Market Timing Brief™ for the 12-21-2018 Close: A Mini Bear Market Begins for the S&P500 Index. Big Bear to Come? Gold in an Up Trend with U.S. Dollar Still Strong and Rates Still Below a Key Low.

A Market Timing Report based on the 12-21-2018 Close, published Sunday, December 23rd, 2018…

I deliver focused comments on market timing once a week.  These are supplemented with daily “Tweets/StockTwits” (see links below) and comments in the “markettiming” room on StockTwits.

1.  SP500 Index Market Timing (S&P 500 Index®; SPY, SPX):

I’ve noted there are many issues being faced by the weak market of late.  Let’s do a quick update of these and then get to the technical damage of the U.S. equity markets that occurred this week…

1. Data on holiday sales.  Bloomberg says that this past Saturday should have been a very strong day as the Christmas season has been thus far with sales on Dec. 22nd to exceed Black Friday sales as detailed HERE.  I am still concerned that this last push may be weaker than it could have been due to the poor stock market behavior of late.  There will be data on this in the coming week.  I’d say overall, retail sales are a plus for the market with that caveat of potential late December weakness.

2.  A Trump Xi Trade U.S. agreement with China within the 90 day period with the clock running since the G20 meeting.  The adminstration seems to have gotten the message from me and hopefully you and many others that they should talk less and work more and deliver a coherent message on their progress.   (Public officials respond to calls, emails, and letters more than the public understands.)

3. U.S. interest rates staying relatively low, but not breaking too low (which hurts financial stocks).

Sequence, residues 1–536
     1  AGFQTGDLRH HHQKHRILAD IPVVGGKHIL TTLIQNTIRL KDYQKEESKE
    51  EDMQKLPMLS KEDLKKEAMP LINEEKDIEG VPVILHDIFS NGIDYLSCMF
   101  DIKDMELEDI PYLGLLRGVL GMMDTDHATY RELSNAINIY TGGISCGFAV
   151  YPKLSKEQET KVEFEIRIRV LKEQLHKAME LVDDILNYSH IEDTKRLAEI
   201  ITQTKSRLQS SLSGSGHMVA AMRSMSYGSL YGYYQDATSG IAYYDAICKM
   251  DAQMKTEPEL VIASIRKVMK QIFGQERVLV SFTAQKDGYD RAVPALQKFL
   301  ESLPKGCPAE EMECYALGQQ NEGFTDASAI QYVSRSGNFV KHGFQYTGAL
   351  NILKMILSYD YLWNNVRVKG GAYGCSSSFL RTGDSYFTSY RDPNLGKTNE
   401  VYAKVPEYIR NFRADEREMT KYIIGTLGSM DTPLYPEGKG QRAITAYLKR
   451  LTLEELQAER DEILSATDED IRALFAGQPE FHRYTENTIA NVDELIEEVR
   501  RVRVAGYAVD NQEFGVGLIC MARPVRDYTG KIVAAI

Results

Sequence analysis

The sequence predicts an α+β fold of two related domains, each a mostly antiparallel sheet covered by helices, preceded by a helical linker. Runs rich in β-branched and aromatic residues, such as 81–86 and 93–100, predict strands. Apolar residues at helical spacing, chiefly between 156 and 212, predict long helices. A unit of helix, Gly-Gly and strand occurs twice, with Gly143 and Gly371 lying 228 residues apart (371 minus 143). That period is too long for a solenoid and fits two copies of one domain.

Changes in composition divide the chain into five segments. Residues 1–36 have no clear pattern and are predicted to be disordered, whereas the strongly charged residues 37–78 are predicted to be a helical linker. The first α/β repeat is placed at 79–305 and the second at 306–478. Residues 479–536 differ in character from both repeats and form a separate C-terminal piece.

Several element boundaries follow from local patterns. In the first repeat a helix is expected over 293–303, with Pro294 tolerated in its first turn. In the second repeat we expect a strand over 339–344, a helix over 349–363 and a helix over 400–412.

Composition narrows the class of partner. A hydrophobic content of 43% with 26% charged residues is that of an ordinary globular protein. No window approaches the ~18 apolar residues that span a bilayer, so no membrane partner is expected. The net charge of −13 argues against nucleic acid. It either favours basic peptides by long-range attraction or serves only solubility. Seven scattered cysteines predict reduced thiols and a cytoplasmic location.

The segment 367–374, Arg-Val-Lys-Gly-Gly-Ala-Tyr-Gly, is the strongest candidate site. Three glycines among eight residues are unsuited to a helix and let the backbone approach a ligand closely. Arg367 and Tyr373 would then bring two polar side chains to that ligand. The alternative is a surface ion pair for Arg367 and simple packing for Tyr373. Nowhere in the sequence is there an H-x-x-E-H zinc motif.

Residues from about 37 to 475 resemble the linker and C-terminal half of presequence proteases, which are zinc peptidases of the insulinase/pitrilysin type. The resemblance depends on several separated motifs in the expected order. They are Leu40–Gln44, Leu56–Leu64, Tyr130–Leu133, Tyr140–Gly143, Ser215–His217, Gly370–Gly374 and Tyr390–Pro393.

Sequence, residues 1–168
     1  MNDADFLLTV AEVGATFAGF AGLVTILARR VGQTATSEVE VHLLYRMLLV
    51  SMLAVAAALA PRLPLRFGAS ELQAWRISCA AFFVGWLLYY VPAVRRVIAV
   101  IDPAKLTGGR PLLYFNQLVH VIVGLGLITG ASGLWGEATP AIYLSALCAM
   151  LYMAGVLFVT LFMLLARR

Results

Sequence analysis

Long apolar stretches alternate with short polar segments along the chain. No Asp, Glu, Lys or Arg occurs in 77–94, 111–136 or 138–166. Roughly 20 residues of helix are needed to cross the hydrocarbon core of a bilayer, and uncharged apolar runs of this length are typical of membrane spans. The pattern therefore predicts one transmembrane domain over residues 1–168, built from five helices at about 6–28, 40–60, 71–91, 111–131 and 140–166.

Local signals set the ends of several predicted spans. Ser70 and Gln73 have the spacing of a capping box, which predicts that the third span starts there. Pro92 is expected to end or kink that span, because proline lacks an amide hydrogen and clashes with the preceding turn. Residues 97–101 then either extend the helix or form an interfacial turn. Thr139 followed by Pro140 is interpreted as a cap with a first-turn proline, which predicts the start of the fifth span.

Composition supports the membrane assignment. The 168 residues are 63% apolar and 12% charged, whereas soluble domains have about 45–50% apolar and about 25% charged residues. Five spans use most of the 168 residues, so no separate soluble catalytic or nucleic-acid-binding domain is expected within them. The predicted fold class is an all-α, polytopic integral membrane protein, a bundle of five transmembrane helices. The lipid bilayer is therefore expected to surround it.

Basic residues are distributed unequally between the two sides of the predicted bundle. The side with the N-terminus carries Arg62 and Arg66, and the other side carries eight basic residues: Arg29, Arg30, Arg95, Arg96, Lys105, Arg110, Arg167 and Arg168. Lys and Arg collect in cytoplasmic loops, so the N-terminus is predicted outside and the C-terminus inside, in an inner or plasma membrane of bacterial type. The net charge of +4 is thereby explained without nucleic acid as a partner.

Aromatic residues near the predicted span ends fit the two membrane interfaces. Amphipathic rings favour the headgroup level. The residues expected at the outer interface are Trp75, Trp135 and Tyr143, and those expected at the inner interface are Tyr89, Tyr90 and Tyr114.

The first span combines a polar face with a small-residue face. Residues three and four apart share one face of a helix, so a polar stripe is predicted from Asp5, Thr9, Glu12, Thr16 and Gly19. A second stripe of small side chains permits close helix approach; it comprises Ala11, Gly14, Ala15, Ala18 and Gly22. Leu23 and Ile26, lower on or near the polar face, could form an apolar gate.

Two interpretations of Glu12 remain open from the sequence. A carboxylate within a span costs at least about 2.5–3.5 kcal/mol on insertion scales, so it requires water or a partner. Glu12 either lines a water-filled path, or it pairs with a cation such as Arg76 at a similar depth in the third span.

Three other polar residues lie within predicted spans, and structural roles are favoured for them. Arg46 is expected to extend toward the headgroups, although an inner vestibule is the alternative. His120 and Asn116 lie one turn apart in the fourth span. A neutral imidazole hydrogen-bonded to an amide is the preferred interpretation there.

I said 2 weeks ago: “Rates have moved down off the peak of 3.248% in the 10 Year Treasury Yield since Nov. 8th and now look ready to perhaps find support at the summer lows of around 2.80% and bounce.”  

That 2.80%ish number is now just above the current level of 2.792%.  It would be Bullish in the current technical context for rates to rise somewhat from here rather than fall further.  A further decline in rates would signal a deepening Bear market (it is already a “Mini Bear Market” in SP500 Index terms, thus far, as I’ll get to…)

Last week my Fed Rate Hike Handicapping included this choice:

3. If the Fed hikes 0.25% and does not make clear dovish overtures to the markets, the SP500 Index could move into the Big Red Wave.  The Federal Reserve Chair Powell made the #3 choice and failed to be sufficiently dovish for the U.S. stock market.  He set off a “Mini Bear Market” due to the Federal Reserve posture being the front and center issue for the stock market.  Trump’s shutdown of the government and his rising impeachment risk did not help either (see below). 

I did not position further ahead of the Fed, because no one can predict ignorance on the part of an organization (the Fed), which employs over 400 economists with your and my tax money.  The Fed gets some major credit for pushing the market over the edge this week, but Trump and the GOP get credit for tax cuts which drove inflationary pressures high enough for the Fed to need to start hiking rates.  Trump and the GOP got what they paid for through fiscal irresponsibility. 

4. GDP growth is slowing. Here is the key that Ray Dalio and others have figured out: It’s not the absolute level of GDP growth that matters most to stock prices; it is whether GDP growth is rising or falling that matters.  Hint: the same thing applies to individual stocks, so pay attention to that in your research on specific companies. 

The Fed focuses on GDP levels instead of GDP growth in their work and thought process.  They even say on paper they believe the long term growth potential for the economy is 1.8% Y/Y GDP growth.  They project growth will drop even lower than their prior 2.5% estimate for 2019 to 2.3% from 3.0% in 2018, but they are not adjusting their rate hike path meaningfully, given that degree of slowing.  They did lower their hike expectations from 3 to 2 for 2019 in their supplementary data provided with the FOMC statement, but that is still too aggressive for stock market investors.

I’ll tell you why the Fed looks confused to Jim Cramer and many other critics.  Their mandate is to maintain monetary policy to support full employment at a longer run level of 4.4% unemployment (per this week’s PDF) and low inflation at about 2% for the PCE Inflation Index (they most closely follow Core PCE inflation but don’t provide a “longer term” estimate of what it should be).